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… And we thought only kids play with Lego’s.

Artist and architect Adam Reed Tucker—who’s also one of 11 LEGO Certified Professionals in the world—along with other LEGO artists, have recreated the world’s tallest skyscrapers using more than 15,500,000 LEGO Bricks.

The collection—currently exhibited at the National Building Museum in Washington DC—features detailed LEGO versions of iconic skyscrapers, such as the Empire State Building, the John Hancock Center, the Petronas Towers and the Burj Khalifa.

Tucker himself created 11 of these buildings—each of which took about 200 hours or more to complete.

The exhibition called “LEGO Architecture”: Towering Ambition’ runs through ‘til 3 September 2012.

If you’re going to Washington D.C. before September 3, you can’t miss the Lego Architecture exhibition at the National Building Museum.

History of LEGO Architecture

The history of current LEGO® Architecture series can be traced back to the beginning of the 1960s when the LEGO brick’s popularity was still steadily increasing. Godtfred Kirk Christiansen, the then owner of the company, began looking for ways to further expand the LEGO system, and asked his designers to come up with a set of new components that would add a new dimension to LEGO building.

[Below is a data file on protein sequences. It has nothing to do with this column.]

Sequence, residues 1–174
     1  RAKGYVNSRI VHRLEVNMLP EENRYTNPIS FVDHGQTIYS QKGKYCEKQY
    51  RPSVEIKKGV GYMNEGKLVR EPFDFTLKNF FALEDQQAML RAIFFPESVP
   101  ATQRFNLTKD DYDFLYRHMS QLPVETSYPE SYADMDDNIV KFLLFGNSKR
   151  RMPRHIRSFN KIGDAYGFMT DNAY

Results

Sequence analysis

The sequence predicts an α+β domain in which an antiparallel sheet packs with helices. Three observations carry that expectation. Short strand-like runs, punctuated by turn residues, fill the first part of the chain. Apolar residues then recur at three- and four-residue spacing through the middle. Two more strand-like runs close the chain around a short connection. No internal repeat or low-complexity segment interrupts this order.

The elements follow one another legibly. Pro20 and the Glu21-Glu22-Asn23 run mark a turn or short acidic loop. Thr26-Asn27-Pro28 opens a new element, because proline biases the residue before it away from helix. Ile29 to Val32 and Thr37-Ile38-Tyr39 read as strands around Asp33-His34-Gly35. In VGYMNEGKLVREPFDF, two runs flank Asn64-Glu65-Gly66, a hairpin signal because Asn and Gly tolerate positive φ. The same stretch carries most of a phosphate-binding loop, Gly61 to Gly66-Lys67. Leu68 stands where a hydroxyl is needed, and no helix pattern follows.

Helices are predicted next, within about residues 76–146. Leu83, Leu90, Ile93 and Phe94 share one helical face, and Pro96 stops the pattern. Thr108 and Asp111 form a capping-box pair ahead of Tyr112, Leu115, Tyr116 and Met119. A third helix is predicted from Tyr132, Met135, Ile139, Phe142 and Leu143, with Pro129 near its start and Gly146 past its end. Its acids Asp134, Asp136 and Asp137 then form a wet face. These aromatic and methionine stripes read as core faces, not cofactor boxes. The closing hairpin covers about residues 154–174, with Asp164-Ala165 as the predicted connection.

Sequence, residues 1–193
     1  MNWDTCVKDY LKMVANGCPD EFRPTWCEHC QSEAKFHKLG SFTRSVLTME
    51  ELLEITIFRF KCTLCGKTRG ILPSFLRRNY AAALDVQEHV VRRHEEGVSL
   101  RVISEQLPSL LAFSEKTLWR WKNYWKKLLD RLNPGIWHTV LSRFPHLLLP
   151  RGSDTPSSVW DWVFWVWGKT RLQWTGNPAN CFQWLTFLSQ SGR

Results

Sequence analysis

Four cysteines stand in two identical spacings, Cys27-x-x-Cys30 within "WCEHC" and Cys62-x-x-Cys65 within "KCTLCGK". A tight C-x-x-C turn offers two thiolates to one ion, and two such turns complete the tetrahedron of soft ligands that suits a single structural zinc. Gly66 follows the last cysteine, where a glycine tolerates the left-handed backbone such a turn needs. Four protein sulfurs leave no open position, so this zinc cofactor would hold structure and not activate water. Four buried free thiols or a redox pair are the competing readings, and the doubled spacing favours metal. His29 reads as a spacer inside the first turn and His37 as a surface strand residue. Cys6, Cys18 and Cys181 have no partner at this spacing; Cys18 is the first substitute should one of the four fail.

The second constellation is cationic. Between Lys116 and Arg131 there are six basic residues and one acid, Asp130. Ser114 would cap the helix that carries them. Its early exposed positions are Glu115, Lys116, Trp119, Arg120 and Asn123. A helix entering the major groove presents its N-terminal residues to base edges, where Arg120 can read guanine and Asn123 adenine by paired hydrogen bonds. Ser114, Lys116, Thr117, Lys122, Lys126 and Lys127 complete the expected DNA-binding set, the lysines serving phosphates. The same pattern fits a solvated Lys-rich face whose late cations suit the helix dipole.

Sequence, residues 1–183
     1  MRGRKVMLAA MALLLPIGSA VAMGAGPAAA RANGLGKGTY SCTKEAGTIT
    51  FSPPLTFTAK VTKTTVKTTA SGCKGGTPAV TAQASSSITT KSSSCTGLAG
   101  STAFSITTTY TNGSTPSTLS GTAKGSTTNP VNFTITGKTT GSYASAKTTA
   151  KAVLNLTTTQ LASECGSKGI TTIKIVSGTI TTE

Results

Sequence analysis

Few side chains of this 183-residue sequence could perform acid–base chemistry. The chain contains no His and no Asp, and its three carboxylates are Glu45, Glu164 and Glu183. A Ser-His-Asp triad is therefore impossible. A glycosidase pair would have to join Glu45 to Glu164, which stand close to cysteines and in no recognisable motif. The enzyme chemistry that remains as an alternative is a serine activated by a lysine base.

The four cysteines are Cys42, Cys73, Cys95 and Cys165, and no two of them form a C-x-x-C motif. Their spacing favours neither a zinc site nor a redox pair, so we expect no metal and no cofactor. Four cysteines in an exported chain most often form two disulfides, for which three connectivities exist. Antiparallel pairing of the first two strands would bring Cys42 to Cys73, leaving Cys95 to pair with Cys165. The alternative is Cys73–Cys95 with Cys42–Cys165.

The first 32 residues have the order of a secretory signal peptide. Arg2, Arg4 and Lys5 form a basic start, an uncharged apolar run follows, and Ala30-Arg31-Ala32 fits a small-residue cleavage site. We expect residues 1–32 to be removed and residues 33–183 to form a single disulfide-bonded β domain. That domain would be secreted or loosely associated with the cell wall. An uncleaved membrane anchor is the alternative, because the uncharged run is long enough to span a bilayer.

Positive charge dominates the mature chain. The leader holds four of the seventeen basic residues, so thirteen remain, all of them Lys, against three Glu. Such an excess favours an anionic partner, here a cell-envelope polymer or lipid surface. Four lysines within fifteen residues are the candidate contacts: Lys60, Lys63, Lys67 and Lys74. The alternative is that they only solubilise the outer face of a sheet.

Their answer was as simple as it was revolutionary: five elements that matched the existing bricks, but were only one third the height. These new building ‘plates’ made it possible to construct more detailed models than before.

This greater LEGO flexibility seemed to match the spirit of the age; where modernist architects were redefining how houses looked, and people were taking an active interest in the design of their dream home. It was from these trends that the LEGO ‘Scale Model’ line was born in early 1962.

The name itself was a direct link to the way architects and engineers worked, and it was hoped that they and others would build their projects ‘to scale’ in LEGO elements. As with LEGO Architecture today, the original sets were designed to be different from the normal brightly colored LEGO boxes, and also included An Architectural Book for inspiration.

Though the five elements remain an integral part of the LEGO building system today, the ‘Scale Model’ line was phased out in 1965–it would be over 40 years before its principles would be revived in the LEGO Architecture series we know today.

Click: LEGO.com Architecture Sets to Purchase